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Spring - the season for new beginnings

It's the Spring Equinox today and from now light makes significant gains over dark as days get longer and longer till the Summer Solstice. Winter is receding to be replaced by Spring, a season which brings renewed hope and energy for new beginnings.

This year, Winter appears reluctant to loosen its grip: we are only just emerging out of a very cold few days with a significant amount of snow and wind that left us snowed in for a couple of days for the second time this month. Spring serves as a transition season, a buffer between opposites Winter ...

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A very chilly St David's Day!

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Dydd Gwyl Dewi Hapus! Happy St David's Day! The only daffodils around are those bought at the market last week and now in the vase on the dining table. They brighten the house with their vibrant colour and scent. The ones growing outside are a few weeks off yet - and may have suffered a setback with this week's snow, freezing temperatures and wind aka The Beast from the East and Storm Emma!

With extreme weather, life on the smallholding becomes stressful because it is tough to keep basic needs met. It's a struggle to keep sheep and ...

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Lambskins... they're back from the tannery

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When we sent two of our lambs to slaughter in September, I brought back their skins so I could have them made into rugs. They came back from the tannery this week and they are gorgeous!

Lambskins are a by-product of having a lamb slaughtered for meat and usually they are not returned to the producer. Some abattoirs send some to tanneries for them to be processed into rugs but most are thrown away. When we were thinking about keeping sheep and raising lambs for meat, I thought it was a waste and I looked into rug making from lambskins ...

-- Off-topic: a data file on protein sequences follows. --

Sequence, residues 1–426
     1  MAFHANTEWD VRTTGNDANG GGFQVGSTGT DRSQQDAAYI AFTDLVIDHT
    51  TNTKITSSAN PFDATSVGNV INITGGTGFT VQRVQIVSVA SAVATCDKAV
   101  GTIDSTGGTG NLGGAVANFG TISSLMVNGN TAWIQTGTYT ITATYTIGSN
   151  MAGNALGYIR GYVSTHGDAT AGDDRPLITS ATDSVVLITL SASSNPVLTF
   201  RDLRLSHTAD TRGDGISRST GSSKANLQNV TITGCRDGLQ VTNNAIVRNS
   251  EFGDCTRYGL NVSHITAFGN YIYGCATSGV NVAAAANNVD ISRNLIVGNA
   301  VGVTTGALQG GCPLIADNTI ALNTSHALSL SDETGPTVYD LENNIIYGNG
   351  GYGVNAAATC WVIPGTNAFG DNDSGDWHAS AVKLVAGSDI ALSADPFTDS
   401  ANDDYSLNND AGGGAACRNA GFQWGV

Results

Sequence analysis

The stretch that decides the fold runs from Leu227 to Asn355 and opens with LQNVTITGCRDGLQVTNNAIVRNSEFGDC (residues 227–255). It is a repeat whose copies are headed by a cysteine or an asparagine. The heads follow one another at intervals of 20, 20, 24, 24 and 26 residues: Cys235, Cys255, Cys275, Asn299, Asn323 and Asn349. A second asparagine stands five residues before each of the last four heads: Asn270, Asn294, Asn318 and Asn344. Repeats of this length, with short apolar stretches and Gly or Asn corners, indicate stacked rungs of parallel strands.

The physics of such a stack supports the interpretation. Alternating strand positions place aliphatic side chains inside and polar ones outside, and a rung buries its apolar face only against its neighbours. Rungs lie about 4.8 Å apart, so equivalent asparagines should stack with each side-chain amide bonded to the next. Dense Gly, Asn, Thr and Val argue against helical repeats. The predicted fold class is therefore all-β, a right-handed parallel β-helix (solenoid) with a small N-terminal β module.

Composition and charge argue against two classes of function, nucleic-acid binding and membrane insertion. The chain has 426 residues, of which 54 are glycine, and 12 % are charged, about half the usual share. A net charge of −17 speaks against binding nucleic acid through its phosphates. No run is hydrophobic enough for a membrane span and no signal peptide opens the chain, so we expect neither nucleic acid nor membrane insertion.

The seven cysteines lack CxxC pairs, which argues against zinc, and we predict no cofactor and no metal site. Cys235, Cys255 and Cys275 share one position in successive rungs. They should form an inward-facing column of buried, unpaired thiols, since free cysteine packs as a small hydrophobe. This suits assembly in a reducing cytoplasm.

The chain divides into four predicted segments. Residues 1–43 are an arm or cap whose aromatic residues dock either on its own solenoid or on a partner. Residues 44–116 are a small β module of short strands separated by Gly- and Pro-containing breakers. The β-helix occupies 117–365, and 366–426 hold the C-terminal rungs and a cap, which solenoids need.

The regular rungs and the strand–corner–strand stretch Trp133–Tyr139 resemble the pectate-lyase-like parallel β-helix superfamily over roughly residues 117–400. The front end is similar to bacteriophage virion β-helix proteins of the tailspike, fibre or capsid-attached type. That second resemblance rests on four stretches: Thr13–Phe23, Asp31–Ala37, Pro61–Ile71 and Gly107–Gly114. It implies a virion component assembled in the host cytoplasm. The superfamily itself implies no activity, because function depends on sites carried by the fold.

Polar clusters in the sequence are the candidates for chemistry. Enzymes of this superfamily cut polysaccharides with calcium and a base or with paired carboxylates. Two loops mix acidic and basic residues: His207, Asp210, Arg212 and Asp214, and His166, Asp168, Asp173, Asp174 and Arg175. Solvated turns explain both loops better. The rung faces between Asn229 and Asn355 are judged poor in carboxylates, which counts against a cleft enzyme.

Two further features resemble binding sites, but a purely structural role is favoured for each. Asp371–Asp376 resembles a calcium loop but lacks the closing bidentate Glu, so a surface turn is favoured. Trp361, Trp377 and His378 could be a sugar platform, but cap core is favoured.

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Snowed in!

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After a weekend of heavy snow fall, we are snowed in! Peter stayed at home today as there was no way he would attempt to drive down the hill to work. Getting out of our drive alone would have been a challenge with 18 cm of snow and a fair amount of ice too!

Once the sheep were fed with plenty of fresh bedding in their shelters and hay in the racks and once we had broken the ice off the drinkers and water troughs, we enjoyed walks to take photos. Especially today as the sun was out and the ...

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A (not so gentle) introduction to hen keeping

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Two weeks ago, we purchased four hens and their coop. Their keeper, from just over the hill from us, was moving away into rented accommodation and could not take them with them. We collected the coop first and got it ready for the hens. Betty, a Splash Maran, and her brood (a Light Sussex, a Speckledy and a Blubell) arrived in cardboard boxes at night time and we transferred them into their own coop but at their new location at ours. They made a little fuss but quickly settled in for the night.

The next morning, I let them out ...